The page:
by Rochelle Rainey, USAID Environmental Health Advisor,  rrainey@usaid.gov

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Effect of water quality, hygiene and sanitation in preventing diarrhoea deaths

Researchers propose diarrhoea risk reductions of 48, 17 and 36%, associated respectively, with handwashing with soap, improved water quality and excreta disposal as the estimates of effect for the Lives Saved Tool (LiST) model [1].

LiST is a new computer-based planning tool to help estimate the impact of scaling-up maternal, newborn and child health interventions. LiST was developed by a consortium of academic and international organizations, led by Institute of International Programs at the Johns Hopkins Bloomberg School.

Researchers led by Prof. Sandy Cairncross of the London School of Hygiene & Tropical Medicine, drew on three systematic reviews, two of them for the Cochrane Collaboration, to determine the estimated effect on diarrhoea mortality of the three interventions.

The striking effect of handwashing with soap (48% reduction) was found to be consistent across various study designs and pathogens, though it depended on access to water. The effect of (household) water treatment appeared similarly large, but was not found in few blinded studies, suggesting that it might be partly due to the placebo effect. The researchers found very little rigorous evidence for the health benefit of sanitation; four intervention studies were eventually identified, though they were all quasi-randomized, had morbidity as the outcome, and were in Chinese.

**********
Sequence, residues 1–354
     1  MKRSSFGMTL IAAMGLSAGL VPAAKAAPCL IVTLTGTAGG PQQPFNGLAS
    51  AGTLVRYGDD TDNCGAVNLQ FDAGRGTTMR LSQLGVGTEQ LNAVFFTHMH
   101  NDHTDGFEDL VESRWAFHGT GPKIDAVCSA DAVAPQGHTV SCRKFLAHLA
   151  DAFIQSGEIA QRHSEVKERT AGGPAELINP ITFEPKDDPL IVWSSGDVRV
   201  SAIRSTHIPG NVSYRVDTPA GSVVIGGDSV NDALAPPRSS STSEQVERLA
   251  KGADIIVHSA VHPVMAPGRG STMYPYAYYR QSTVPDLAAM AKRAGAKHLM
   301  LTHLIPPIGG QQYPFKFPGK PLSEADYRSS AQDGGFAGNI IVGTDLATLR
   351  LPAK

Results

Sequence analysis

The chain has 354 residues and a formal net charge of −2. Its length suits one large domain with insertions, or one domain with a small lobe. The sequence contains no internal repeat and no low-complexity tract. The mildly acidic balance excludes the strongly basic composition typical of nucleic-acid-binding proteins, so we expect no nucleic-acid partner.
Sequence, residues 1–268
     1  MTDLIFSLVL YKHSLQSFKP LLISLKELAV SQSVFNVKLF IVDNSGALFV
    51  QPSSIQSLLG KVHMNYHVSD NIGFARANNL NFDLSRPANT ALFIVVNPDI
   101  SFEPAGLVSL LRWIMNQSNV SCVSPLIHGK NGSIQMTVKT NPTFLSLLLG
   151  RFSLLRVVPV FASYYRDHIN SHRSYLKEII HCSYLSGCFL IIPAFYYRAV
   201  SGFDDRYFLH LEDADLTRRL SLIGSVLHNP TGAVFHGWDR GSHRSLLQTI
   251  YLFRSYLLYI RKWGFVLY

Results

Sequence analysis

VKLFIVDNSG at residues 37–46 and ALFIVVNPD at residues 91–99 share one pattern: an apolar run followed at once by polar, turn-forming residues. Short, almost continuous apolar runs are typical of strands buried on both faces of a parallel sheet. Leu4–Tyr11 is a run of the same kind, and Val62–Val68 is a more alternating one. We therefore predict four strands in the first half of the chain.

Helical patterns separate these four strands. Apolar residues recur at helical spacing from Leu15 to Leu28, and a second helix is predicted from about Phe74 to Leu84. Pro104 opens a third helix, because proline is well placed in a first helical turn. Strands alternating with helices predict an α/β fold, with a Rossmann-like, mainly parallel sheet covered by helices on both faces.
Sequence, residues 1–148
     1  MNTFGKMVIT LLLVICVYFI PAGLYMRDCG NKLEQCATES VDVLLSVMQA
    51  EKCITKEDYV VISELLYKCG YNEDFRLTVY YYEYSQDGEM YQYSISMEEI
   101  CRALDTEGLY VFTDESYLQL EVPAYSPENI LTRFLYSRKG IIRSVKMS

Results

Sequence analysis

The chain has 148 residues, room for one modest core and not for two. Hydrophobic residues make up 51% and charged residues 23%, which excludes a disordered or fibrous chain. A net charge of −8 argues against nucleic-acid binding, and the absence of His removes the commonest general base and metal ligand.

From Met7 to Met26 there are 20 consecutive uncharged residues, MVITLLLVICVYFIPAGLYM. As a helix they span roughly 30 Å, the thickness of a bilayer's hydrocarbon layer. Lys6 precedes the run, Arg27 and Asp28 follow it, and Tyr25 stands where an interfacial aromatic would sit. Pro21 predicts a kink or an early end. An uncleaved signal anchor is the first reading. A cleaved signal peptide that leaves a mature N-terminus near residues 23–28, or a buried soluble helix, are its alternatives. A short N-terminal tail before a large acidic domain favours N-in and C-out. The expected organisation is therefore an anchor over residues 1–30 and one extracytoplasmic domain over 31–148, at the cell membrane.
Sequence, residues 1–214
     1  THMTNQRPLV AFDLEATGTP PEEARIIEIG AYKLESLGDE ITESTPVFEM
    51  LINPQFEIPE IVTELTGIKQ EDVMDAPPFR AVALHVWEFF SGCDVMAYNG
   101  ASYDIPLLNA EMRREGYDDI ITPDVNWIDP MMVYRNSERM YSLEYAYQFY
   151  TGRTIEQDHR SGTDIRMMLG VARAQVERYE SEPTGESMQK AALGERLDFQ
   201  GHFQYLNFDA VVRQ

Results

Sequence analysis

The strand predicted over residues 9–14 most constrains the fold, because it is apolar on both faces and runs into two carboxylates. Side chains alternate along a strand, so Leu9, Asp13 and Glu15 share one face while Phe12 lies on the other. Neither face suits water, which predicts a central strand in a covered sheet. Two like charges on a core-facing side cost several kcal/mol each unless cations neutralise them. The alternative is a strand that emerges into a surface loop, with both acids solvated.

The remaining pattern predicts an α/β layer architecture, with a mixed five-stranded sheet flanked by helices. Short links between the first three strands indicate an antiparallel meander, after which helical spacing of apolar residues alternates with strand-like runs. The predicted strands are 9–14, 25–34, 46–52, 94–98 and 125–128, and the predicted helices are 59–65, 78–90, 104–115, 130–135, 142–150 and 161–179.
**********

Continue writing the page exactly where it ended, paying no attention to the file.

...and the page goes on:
While most of the evidence was found to be of poor quality and more trials were required, the evidence was nonetheless strong enough to support the provision of water supply, sanitation and hygiene for all.

[1] Cairncross, S., Hunt, C., Boisson, S., Bostoen, K., Curtis, V., Fung, I.C. and Schmidt, W.P. (2010). Water, sanitation and hygiene for the prevention of diarrhoea. International journal of epidemiology ; vol. 39 (Suppl. 1) ; p. i193-i205. DOI:10.1093/ije/dyq035

The complete issue of the April 2010 supplement of the International journal of epidemiology is devoted to the development and use of the Lives Saved Tool (LiST). Other articles deal with rotavirus vaccine, zinc treatment for diarrhoea, antibiotics for dysentery, and oral rehydration solution. All articles are free to download.